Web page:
Space Command (TV series)

Space Command was a Canadian children's science fiction television adventure series, broadcast on CBC Television in 1953 and 1954, the first time the network aired its own dramatic series.[3][4]

Space Command
GenreChildren's science fiction
Written byAlfred Harris[1][2]
Directed byMurray Chercover[2]
StarringBob Barclay
James Doohan
Austin Willis
Country of originCanada
Original languageEnglish
No. of seasons2
No. of episodes150
ProducerMurray Chercover[1]
Running time30 minutes
Original release
NetworkCBC Television
Release13 March 1953 (1953-03-13) –
29 May 1954 (1954-05-29)[1]
Tales of Adventure[1]

Created by Alfred Harris, the series focused on the activities of young space lieutenant Frank Anderson (Robert Barclay) aboard the space ship XSW1, along with his crewmate Phil Mitchell (James Doohan, best known as Scotty on Star Trek)[5][6] and XSW1 captain Steve Cassel (Harry Geldard). Their missions dealt with various space exploration and science subjects, including sunspots, space medicine, and the search for extraterrestrial life.

The XSW1 was operated by the worldwide Space Command organization,[5][7] which concerned itself with space exploration and colonization. Characters at Space Command Earth included Dr. Joseph Edmunds (Andrew Anthony), Ilene Morris (Aileen Taylor), and Dr. Fleming, (Austin Willis).[2] Other actors appearing on the series included Joe Austin, Cec Linder, Barry Morse (later of the TV series The Fugitive and Space: 1999),[8] and William Shatner (Star Trek).[2][9]

Although short-lived, Space Command proved to be a hit dramatic program for CBC's earliest years.[3]

Production details


As stated over the end credits, Space Command originated at CBC Toronto. The show was aired "live" but it was kinescoped to enable distribution to stations across Canada.

Accurate credits are difficult to assemble because only a single episode is known to survive and documentation of the program is scant. The existing episode's technical credits are: Producer Murray Chercover; Technical Producer Vic Ferry. Audio Orm Collier; Sound Effects Bill McCelland; Production Supervisor Robert Allen; Special Effects John D. Lowry and Peter Kirby, which included presentations of rockets and weightlessness.[3]

Other sources identify the Producer as Ross McLean and lists the Director as Murray Chercover. The only known Writer credit is Alfred Harris. Harold Wright was technical advisor to the series.[7][10] Models were created at producer Murray Chercover's residence, and rocket propulsion material was obtained from T. W. Hand Fireworks.[3]



The series was initially seen on Friday evenings at 19:30 Toronto time on VHF channel 5. The debut episode on 13 March 1953 featured the topic of sunspots.[7] This first run continued until 17 July 1953.[1] Other topics planned for the series included asteroids, space medicine, meteorites, and evolution.[3]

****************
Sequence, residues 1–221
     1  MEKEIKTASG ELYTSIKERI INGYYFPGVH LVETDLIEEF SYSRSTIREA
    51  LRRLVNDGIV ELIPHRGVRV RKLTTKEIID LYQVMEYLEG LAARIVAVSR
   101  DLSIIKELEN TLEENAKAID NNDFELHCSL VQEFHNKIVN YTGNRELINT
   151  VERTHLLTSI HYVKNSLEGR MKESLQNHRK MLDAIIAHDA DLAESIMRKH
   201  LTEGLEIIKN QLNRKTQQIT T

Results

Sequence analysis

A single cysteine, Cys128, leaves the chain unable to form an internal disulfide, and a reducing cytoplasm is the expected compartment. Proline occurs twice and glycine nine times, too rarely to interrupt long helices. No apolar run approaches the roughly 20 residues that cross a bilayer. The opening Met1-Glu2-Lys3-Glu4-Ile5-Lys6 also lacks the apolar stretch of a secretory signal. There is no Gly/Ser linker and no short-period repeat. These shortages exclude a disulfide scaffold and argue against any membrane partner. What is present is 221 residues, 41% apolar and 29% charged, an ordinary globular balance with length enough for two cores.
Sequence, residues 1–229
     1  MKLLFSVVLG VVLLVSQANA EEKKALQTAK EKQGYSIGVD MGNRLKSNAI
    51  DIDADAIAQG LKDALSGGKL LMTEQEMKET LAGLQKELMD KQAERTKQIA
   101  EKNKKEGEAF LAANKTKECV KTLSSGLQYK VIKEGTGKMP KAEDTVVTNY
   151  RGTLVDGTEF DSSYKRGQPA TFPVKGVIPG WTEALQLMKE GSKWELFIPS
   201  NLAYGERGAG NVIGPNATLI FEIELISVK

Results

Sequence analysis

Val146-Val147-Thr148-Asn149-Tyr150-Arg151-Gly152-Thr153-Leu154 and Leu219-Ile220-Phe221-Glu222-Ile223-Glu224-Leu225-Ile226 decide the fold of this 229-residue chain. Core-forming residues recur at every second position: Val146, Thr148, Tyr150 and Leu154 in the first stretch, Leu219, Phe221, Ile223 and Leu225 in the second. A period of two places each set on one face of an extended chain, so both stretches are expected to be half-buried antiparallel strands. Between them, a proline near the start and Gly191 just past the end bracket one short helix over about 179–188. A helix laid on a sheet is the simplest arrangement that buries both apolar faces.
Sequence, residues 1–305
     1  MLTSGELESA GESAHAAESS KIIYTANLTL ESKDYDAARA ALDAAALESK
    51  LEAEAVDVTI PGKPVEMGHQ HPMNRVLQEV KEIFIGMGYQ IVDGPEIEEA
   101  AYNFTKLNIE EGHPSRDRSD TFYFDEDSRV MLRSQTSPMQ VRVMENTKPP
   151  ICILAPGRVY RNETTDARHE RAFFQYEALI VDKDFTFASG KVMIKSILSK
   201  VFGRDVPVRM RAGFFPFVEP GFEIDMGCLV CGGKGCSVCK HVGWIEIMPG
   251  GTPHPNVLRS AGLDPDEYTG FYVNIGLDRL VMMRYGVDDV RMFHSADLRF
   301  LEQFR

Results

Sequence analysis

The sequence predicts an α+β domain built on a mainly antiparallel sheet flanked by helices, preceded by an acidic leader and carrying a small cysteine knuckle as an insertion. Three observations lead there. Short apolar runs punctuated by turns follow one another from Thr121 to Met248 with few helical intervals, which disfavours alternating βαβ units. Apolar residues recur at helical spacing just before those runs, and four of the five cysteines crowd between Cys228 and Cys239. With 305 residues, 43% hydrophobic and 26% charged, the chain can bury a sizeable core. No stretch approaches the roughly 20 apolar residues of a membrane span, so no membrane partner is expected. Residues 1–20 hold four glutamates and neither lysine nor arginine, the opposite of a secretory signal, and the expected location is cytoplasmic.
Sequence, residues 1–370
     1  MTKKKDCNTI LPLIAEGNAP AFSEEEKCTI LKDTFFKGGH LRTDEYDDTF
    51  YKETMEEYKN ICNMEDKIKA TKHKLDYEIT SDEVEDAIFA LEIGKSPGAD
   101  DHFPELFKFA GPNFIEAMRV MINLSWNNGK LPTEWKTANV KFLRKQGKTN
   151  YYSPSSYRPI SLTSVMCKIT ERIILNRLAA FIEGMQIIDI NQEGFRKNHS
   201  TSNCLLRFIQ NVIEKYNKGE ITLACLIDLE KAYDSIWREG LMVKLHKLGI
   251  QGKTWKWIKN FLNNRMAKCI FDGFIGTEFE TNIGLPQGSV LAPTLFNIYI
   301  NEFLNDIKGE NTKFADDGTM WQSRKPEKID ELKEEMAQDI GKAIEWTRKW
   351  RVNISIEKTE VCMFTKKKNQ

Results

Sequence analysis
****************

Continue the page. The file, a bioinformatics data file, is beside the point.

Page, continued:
From 17 October 1953, the series moved to Saturdays at 18:30, but came back to CBC's Friday schedule on 8 January 1954 for the 18:00 time slot. The final run of the series returned to Saturdays on 1 May 1954, again at the 18:00 time slot.[1] The total number of episodes is undocumented, but the show aired for 51 weeks in total, and if it aired only once weekly the maximum number of episodes would be 51 and claims that report a series length of 150 episodes must be in error.

Preservation status


Nova Scotia media historian Ernest Dick lamented the loss of recordings of nearly all the series episodes, despite the production of kinescopes for distribution to CBC stations across Canada. The only known extant recording is that of one November 1953 episode.[2] That segment was uploaded to YouTube in March 2018, bearing a modern Canadian TV Classification System TV rating of PG, indicating it must have been rebroadcast no earlier than 1997.


  1. ^ a b c d e f Allan, Blaine. "(Seven to Sprockets) Space Command". CBC Television Series 1952 to 1982. Queen's University. Archived from the original on 25 March 2010. Retrieved 1 June 2008.
  2. ^ a b c d e Dick, Ernest J. (7 July 2006). "Vanishing Media: Space Command" (PDF). AVTrust. Archived from the original on 6 July 2011. Retrieved 29 August 2012.{{cite web}}: CS1 maint: unfit URL (link)
  3. ^ a b c d e Rainsberry, F. B. (1988). A history of children's television in English Canada, 1952–1986. Scarecrow Press. pp. 117, 118. ISBN 0-8108-2079-X.
  4. ^ "CBC CA Image of the Day: Space Command".
  5. ^ a b CBC Arts (7 July 2004). "TV's 'Scotty' has Alzheimer's". CBC News. Retrieved 1 June 2008.
  6. ^ Hayward, Anthony (22 July 2005). "James Doohan (obituary)". The Independent. Archived from the original on 17 May 2009. Retrieved 1 June 2008.
  7. ^ a b c "Television / CBLT-TV Channel 9". The Globe and Mail. 13 March 1953. p. 35.
  8. ^ Morse, Barry (2004). Pulling Faces, Making Noises: A Life on Stage, Screen & Radio. iUniverse, Inc. p. 159. ISBN 0595321690.
  9. ^ Corcelli, John (April 2002). "Space Command". Canadian Communications Foundation. Retrieved 1 June 2008.
  10. ^ "Space Command | History of Canadian Broadcasting". Retrieved 19 March 2020.